Nationalizing Trans Mountain: What can we learn from past government bailouts?
'Bailing out failing companies is as Canadian as canola and maple syrup,' says Alan Freeman
While the Canadian government's plan to buy the Kinder Morgan pipeline came as a surprise to some, Alan Freeman says bailing out private companies "is as Canadian as canola and maple syrup."
This week, finance minister Bill Morneau announced that the federal government would buy the Kinder Morgan pipeline — and related infrastructure — in a $4.5 billion deal.
Freeman, an iPolitics columnist and University of Ottawa senior fellow, said it's certainly not the first time a government has done something like this.
He told Day 6 host Brent Bambury that history indicates that government bailouts can be successful. However, it remains to be seen whether Trans Mountain will follow the same trajectory.
Freeman said Canadian government's decision to purchase a stake in the Hibernia oil project more than two decades ago, and later to bail out the automotive industry in 2009, are two examples of deals that ultimately paid off. However, neither held any guarantees for a return on investment at the time.
By comparison, Freeman said this week's Trans Mountain deal seems less financially risky.
"They're buying an existing pipeline. There's oil going through there today. So, that is an existing business which right off the bat will [provide] revenue," he said.
But he cautioned that the deal comes with a heightened level of political risk.
While Morneau has insisted that the pipeline's expansion will continue now that it is a Crown corporation, the deal hasn't quieted the project's vocal opposition.
"The big risk with Trans Mountain is can they get it built," Freeman said. "That's the risk that Kinder Morgan didn't want to take."
Both the Hibernia and the GM-Chrysler bailouts were mentioned by analysts and politicians alike this week in relation to the Trans Mountain pipeline deal.
When the federal government bought an 8.5 per cent share of the Hibernia oil project in 1993, the project — and province — was in turmoil. The price of oil had collapsed, leading a major investor to pull out. The year before, the cod fishery had closed.
"Newfoundland was in terrible shape," Freeman said.
The Mulroney government's decision to invest in Hibernia carried no guarantee of a return on investment. It was a sort of "doubling down," according to Freeman, as the government had already committed billions to the project in grants and loan guarantees.
Not everyone was convinced it was the right move.
"There was an analyst, an oil analyst, [who said] 'I've never seen a [less] economic project in my life. This is going to be basically a disaster,'" Freeman said.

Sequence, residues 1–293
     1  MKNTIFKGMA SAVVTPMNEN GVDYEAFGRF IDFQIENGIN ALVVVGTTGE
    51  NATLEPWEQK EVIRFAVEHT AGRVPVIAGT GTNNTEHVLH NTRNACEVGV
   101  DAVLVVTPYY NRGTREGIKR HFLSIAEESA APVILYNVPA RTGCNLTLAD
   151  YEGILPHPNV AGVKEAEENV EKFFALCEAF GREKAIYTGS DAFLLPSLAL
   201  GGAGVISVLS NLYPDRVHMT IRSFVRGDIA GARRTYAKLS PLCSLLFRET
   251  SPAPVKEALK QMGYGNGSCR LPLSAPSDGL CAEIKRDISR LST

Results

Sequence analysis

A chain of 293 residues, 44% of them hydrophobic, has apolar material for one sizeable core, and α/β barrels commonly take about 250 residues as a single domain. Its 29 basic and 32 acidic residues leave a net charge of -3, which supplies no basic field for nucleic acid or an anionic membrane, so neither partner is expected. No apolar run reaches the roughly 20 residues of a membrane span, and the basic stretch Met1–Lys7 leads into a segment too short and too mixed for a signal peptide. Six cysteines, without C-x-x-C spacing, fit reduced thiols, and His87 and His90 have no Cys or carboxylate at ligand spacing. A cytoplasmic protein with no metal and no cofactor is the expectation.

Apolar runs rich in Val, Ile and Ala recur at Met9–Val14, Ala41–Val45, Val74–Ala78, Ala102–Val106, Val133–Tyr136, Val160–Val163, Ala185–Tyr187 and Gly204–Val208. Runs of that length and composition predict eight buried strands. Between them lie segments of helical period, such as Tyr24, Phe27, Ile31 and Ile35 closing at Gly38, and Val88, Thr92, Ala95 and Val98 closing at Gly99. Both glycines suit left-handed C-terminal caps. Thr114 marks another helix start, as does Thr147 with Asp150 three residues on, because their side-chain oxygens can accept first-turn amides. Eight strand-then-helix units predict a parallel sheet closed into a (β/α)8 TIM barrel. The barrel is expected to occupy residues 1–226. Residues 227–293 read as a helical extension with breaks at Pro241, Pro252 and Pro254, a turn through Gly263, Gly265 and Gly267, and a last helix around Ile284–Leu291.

But the investment proved lucrative.
"By the end of 2016 they had already pulled out a billion barrels of oil. So twice as much as they thought were there originally," he said.
Automotive industry bailout worth the losses
The financial stakes were just as high in 2009 when Stephen Harper's Conservative government, along with Ontario's provincial government, agreed to spend over $13 billion to keep the Canadian car industry afloat.
At the time, U.S. President Barack Obama had already committed to similar action south of the border, putting pressure on Harper to follow suit.
Those stakes made Harper's move less politically risky, Freeman said.
"If [the U.S.] had done it and Canada had stayed by the sidelines ... GM and Chrysler probably would have shut down their Canadian operations."
Still, when the Canadian government finally sold off its common shares in GM in 2015, it was $3.5 billion short of breaking even.
But as with the Hibernia oil fields investment, Freeman believes the automotive industry bailout was the right move.
"I think that in retrospect most people will say, 'yeah, it was worth it.'"
Trans Mountain's biggest challenge
Freeman argues government investments like these shouldn't be looked at as exclusively financial investments.
"We should make sure government is not just a financial investor like putting in 10 billion bucks hoping to get out 15," he said. "It has other stakeholders. It's trying to keep the economy going, etc.
"And I guess you should look at Trans Mountain in the same way."
Still, Freeman said the biggest risk facing the Trans Mountain pipeline project is a political one.
"What was quite interesting ... when the auto industry was bailed out, is that essentially the other provinces — Alberta, Quebec — didn't say 'boo.' That's because everybody was scared stiff because of the depth of that recession."
By contrast, the Trans Mountain pipeline project continues to face uniquely vocal opposition from environmental and Indigenous groups alike — not to mention the province of B.C.
But Freeman said these deals are always messy.
"If they weren't messy, the government wouldn't be involved."
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